Peter Noone Publicity > Walking and talking with Peter Noone





14 Oct 2015

http://www.ocala.com/article/20151014/GO/151019899?p=2&tc=pg

Walking and talking with Peter Noone

Hermans Hermits starring Peter Noone will perform Friday at Circle Square Cultural Center.

Photo by Jeff Daly/Invision/AP
Published: Wednesday, October 14, 2015 at 1:30 p.m.

The youngest of five band mates, Noone was the front man Herman in Herman’s Hermits – one of the British bands in the vanguard of the British Invasion back in the 1960s. “Yes, me, Paul McCartney, the Stones,” he said. “We’re all pretty healthy specimens, and the healthy guys made it.”

At that early age he and his mates already were a force in the feel-good teen music of the day; “I’m Into Something Good” hit No. 1 on the British charts in 1964 and reached No. 13 on the U.S. charts later that year. Something else good? By 1970, they had 16 songs hit to Top 20.

Herman’s Hermits starring Peter Noone – one of two Hermits from the original band; drummer Barry Whitwam is the other – perform Friday night at the Circle Square Cultural Center in Ocala's On Top of the World. Tickets sold fast, and as of this writing, only a double-handful of tickets remained; call for availability.

This is a return trip to Ocala for Noone, who played the area twice five years ago – one night at Circle Square and the next in The Villages.

“I had some friends who used to live there, but they’ve moved away now,” he said by phone while on a two-mile morning walk.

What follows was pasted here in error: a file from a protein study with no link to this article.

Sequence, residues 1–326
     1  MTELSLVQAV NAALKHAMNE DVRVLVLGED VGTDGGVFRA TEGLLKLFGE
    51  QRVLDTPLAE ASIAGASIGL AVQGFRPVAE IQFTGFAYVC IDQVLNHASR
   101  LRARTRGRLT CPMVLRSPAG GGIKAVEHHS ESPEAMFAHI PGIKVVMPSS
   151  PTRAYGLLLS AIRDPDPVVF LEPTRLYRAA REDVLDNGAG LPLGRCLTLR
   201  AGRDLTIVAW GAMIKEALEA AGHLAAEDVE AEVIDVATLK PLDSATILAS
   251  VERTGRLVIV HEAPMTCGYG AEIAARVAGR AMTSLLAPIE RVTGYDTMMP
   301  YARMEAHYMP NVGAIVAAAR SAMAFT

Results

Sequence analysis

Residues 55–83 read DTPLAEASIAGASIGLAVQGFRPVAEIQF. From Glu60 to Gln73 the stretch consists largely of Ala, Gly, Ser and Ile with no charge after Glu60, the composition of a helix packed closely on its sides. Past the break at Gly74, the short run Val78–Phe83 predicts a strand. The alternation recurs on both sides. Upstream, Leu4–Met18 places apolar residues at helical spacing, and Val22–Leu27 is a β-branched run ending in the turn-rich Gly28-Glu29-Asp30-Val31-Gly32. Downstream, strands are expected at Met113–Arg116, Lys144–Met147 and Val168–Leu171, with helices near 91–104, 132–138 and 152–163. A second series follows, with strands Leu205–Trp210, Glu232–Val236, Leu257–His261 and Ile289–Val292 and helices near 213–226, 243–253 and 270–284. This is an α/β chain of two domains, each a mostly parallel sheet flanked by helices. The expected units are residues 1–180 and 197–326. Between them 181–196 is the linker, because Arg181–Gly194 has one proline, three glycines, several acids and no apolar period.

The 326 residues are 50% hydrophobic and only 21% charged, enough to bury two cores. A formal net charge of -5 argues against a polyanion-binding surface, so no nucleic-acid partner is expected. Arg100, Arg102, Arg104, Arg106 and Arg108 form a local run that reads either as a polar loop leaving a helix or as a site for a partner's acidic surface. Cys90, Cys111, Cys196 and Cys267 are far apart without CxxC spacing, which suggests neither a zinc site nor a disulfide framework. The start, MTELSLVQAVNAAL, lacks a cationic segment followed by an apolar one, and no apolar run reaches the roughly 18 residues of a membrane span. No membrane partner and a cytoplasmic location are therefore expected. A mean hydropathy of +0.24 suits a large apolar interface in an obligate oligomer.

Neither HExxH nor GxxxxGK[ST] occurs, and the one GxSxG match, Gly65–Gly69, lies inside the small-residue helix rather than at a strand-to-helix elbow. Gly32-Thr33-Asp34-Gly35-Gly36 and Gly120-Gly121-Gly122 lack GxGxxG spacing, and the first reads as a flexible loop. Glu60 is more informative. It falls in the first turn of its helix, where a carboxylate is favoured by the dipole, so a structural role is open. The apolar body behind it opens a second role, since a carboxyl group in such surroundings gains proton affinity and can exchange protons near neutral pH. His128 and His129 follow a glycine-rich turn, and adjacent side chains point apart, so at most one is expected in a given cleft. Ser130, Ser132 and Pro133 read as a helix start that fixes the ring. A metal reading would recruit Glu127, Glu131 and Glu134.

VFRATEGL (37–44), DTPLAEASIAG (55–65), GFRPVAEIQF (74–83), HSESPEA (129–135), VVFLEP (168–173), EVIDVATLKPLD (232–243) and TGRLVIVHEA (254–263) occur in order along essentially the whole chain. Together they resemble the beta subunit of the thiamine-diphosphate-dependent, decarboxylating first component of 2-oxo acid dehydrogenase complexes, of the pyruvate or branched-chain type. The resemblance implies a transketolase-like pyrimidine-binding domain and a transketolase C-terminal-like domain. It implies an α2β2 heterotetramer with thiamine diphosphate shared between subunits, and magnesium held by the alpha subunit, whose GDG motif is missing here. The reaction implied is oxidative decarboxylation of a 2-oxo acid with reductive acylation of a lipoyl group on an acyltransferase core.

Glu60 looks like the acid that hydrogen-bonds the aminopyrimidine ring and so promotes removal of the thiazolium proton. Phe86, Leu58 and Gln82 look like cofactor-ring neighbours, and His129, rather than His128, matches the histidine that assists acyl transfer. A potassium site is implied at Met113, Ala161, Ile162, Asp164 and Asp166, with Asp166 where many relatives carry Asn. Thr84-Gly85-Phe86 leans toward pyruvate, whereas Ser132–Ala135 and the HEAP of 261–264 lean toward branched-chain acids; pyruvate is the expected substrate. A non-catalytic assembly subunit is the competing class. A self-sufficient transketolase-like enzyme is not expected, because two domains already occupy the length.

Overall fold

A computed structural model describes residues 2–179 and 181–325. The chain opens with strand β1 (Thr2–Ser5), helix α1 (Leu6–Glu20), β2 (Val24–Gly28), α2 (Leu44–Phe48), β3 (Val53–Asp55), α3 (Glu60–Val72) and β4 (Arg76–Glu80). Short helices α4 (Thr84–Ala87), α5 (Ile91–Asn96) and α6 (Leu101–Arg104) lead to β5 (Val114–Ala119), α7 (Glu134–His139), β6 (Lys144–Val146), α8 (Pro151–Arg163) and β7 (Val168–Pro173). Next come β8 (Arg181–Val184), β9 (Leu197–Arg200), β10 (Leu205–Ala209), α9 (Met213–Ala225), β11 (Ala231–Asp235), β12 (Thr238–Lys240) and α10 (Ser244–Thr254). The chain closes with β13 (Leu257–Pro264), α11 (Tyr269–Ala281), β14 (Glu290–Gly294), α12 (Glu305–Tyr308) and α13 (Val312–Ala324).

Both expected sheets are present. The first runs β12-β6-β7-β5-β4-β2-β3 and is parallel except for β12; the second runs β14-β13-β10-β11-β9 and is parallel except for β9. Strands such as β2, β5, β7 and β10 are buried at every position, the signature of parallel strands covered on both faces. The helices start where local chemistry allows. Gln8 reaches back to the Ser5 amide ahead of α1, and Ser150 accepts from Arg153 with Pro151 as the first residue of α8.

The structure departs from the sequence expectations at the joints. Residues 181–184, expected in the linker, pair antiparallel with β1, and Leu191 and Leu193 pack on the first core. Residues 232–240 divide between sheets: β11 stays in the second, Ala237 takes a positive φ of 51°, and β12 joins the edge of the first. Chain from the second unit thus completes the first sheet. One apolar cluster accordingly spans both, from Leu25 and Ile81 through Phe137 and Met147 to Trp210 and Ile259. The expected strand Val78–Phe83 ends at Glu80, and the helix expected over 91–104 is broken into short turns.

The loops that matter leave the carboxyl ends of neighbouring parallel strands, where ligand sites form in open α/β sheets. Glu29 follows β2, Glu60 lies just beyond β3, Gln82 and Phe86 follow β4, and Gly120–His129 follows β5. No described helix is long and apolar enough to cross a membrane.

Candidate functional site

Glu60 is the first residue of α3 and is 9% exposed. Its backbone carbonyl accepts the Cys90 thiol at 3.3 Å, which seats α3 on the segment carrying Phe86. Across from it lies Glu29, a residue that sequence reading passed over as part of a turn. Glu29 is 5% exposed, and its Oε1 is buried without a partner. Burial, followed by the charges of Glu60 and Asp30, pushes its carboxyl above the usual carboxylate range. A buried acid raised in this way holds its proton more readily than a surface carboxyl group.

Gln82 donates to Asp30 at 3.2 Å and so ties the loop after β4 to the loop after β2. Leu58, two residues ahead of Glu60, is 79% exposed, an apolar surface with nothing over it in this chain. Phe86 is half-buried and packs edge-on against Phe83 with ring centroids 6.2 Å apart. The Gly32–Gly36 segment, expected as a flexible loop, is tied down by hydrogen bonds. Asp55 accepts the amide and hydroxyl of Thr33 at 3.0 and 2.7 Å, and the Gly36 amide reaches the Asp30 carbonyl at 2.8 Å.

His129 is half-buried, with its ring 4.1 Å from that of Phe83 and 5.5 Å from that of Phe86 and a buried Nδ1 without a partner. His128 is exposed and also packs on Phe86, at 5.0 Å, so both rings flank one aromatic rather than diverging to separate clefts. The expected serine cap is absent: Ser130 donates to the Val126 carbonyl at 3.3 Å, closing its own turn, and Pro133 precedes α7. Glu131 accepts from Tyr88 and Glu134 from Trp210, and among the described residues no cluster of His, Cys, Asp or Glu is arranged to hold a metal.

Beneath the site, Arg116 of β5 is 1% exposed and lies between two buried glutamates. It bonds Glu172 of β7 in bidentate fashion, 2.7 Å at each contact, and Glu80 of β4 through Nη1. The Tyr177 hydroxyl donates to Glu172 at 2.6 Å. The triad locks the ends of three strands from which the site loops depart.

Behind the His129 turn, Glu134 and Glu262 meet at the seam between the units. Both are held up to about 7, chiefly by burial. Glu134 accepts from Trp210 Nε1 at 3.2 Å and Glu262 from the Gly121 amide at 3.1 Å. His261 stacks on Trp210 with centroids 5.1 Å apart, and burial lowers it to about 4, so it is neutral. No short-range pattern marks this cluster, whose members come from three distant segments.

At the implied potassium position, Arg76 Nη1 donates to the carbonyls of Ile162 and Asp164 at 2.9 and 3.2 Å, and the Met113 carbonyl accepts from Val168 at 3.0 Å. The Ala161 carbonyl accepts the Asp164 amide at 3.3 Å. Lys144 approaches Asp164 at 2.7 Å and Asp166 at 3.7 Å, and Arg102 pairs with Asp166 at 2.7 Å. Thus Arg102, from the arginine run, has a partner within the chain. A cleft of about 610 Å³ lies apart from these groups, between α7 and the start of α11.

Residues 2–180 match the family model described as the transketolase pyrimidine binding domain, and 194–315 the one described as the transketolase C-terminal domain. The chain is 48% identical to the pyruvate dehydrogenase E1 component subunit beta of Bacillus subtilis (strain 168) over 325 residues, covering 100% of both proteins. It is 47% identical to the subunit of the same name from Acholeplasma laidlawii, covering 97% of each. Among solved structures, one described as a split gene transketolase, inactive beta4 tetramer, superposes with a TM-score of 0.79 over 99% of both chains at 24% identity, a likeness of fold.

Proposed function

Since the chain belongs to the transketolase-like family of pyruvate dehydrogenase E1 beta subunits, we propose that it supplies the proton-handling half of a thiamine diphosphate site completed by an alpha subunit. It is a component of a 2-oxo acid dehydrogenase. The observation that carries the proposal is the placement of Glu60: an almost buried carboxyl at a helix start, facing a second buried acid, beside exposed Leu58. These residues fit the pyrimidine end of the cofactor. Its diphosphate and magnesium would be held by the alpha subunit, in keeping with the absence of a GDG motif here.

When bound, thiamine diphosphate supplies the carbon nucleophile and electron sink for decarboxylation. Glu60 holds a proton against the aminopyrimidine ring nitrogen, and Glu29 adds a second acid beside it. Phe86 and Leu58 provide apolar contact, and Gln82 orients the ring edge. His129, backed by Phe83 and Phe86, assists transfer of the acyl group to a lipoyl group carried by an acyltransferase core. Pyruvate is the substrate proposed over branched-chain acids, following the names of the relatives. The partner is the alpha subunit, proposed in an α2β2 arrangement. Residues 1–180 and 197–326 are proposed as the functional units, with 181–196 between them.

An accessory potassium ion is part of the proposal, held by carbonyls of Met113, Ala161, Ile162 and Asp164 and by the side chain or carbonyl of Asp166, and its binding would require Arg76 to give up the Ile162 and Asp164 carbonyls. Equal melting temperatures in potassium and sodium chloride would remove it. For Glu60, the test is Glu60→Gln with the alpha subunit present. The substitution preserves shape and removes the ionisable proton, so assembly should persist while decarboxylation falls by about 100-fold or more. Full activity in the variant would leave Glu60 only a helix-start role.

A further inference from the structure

With hits such as “Something Good,” “Mrs. Brown You’ve Got a Lovely Daughter,” “There’s a Kind of Hush” and, of course, “Henry the Eighth, I Am,” the Hermits were undisputed champions of the upbeat songs of the ‘60s.

“It just turned out that way,” Noone said. “The way bands worked in those days, every band had to be unique. Our style was all the stuff no one else would do. ‘Mrs. Brown,’ nobody else would that; we were the band that did all the up songs.

“But it was easy to get into the songs because we were teenagers singing songs to teenagers,” he added. Though he's 67 now and does 100 shows a year, he still gets into the songs “though on stage I don’t feel like a teen anymore.”

According to biographies of the Hermits, Noone left the band in the early 1970s for a solo and a stage career, but later returned. “Oh, you saw us in the ‘80s? We’re much better now,” he said. “We’re firing on all cylinders now.”

Noone said he thinks he has another 10 years in him, thanks to a life of moderation. “When they said moderation was for wimps, I wimped,” he said.

Even after eventual retirement, there’ll likely still be music in the Noone household; his daughter, Natalie, is about to release her first single -- “’I Warned You,’ I think it’s called,” he said.

For now, “as long as we keep selling tickets, we’ll still be out there,” Noone added. “The secret’s to keep working; as soon as you stop, you fall apart.

“As long as I can still work, I’m gonna do it.”

Rick Allen can be reached at rick.allen@starbanner.com, 867-4154 or on Twitter @rickallen0103.